Biden's Supply Chain Crisis Is Getting Messy: Feminine Hygiene Products Becoming Hard To Find

By Rachel Morris | Sunday, 12 June 2022 12:00
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After stores suffered from baby formula shortage, shelves where tampons should be stocked, have been empty in recent months due to supply chain issues exacerbated by the COVID-19 pandemic as well as a swarm of transgender 'women' buying them up to be seen as fitting in, setting the scene for a shortage that’s been brewing for a while.

Evidence of the shortage has been growing on social media and forums, though data mapping out the course of the shortage has yet to be compiled. Frustrated women have shared their trouble finding their preferred menstrual products on Twitter and Reddit, often including photos of empty shelves at big-box retailers such as CVS and Walgreens. Many women are turning to the new Trans fad and blaming men who are trying to fit into a woman's world as one of the reasons why sanitary products are in short supply.

“With China shut down due to Covid, supply chain issues are going from bad to worse,” one woman wrote on Twitter in April. “I cannot find the feminine hygiene products I like anywhere. I can find them online though for $10 for a box of pads and $17 for a box of tampons?! This isn't some fancy brand. This f***ing sucks.”

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Another Twitter user wrote, “Is a female apocalypse coming or something?! Why is every store out of tampons?”

The shortage has been prompted by supply chain issues that have tormented the manufacture of other products, most notably baby formula. The major tampon manufacturers, Procter & Gamble, Edgewell, and Kimberly-Clark, have cited COVID-19-related limitations on employees’ ability to work and travel, shipping and transportation bottlenecks, and difficulty sourcing raw materials.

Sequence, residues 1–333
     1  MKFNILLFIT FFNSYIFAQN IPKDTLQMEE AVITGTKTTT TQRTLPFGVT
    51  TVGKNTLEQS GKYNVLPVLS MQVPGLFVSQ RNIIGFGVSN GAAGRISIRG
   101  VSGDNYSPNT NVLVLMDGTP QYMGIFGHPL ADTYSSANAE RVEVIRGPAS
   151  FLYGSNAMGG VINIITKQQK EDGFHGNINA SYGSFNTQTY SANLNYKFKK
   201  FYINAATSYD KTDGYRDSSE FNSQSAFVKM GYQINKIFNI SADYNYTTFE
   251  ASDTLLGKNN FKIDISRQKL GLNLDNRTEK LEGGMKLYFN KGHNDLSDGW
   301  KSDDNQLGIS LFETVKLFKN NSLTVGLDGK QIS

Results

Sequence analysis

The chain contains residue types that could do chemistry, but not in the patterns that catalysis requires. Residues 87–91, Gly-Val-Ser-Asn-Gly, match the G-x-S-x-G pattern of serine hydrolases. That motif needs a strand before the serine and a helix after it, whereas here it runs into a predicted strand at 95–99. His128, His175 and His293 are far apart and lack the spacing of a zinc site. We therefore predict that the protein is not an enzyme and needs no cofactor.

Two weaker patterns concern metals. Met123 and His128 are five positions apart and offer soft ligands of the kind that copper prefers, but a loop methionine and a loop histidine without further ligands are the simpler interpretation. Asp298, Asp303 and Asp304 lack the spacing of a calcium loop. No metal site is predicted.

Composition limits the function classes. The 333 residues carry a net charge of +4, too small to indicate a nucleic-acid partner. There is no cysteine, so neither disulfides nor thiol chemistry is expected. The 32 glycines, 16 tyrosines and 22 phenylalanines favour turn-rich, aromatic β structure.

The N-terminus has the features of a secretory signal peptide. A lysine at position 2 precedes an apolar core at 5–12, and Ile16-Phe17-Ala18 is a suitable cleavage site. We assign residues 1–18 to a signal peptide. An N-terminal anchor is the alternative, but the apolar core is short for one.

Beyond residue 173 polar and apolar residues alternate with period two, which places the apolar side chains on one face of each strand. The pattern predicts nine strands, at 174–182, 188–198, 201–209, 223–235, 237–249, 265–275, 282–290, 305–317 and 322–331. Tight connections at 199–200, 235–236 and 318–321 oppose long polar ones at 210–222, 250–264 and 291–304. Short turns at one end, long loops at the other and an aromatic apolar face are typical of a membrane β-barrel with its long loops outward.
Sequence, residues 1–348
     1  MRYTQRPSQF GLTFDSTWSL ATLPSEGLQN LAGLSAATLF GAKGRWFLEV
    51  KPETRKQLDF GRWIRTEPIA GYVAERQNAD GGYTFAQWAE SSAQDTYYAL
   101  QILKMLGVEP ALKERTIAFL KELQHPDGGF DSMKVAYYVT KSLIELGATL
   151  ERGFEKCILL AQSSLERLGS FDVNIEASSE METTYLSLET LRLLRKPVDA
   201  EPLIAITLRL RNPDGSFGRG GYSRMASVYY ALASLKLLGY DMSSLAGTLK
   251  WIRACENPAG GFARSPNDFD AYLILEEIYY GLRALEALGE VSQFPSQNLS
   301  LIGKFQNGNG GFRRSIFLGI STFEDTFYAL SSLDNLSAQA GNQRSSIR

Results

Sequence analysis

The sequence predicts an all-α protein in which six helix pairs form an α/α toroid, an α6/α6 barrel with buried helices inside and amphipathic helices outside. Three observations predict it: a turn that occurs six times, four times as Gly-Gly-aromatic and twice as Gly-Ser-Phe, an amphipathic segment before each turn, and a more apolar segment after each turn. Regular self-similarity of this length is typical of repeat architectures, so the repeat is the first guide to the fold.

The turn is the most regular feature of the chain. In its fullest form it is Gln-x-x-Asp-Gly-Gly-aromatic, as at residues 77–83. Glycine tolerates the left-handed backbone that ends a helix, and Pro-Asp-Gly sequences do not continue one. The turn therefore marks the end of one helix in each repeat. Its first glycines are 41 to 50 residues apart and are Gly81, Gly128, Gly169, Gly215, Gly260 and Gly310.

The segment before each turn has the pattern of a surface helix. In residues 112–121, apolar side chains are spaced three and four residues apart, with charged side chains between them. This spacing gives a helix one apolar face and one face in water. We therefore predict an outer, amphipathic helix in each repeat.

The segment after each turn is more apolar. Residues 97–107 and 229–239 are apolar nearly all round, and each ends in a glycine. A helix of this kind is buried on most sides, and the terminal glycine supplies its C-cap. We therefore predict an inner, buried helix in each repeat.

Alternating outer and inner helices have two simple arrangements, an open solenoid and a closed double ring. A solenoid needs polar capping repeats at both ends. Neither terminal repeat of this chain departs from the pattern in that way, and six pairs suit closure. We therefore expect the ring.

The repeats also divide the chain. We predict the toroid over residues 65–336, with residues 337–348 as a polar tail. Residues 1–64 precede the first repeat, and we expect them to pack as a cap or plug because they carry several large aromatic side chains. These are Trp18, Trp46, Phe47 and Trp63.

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Cotton and rayon, critical ingredients for the manufacture of tampons, have been in high demand throughout the pandemic, which has also led to higher costs. The price per pound of cotton, for instance, has also climbed about 88% since the start of the pandemic.

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Procter & Gamble, which manufactures Tampax products, America’s most popular tampon brand, said the company has ramped up manufacturing at its Maine plant to operate around the clock.

“We understand it is frustrating for consumers when they can’t find what they need. We can assure you this is a temporary situation, and the Tampax team is producing tampons 24/7 to meet the increased demand for our products,” a company spokesperson told the Washington Examiner.

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A company spokesperson also attributed increased demand and low supply to the “hit” 2020 ad campaign featuring comedian Amy Schumer, according to Time.

Kimberly-Clark and Edgewell, manufacturers of Kotex and Playtex respectively, did not respond to requests for comment. The companies disclosed in reports for investors that the pandemic could continue to disrupt their abilities to satisfy heightened demand for the products.

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Kimberly-Clark, for example, told investors the pandemic could have several negative impacts on the business, “including causing significant volatility in demand for our products, changes in consumer behavior and preference, disruptions in our manufacturing and supply chain operations … significant changes in the economic or political conditions in markets in which we operate.”

Major retailers have conceded the shortage of particular brands, though they sustain they are in regular contact with companies about their efforts to boost supplies.

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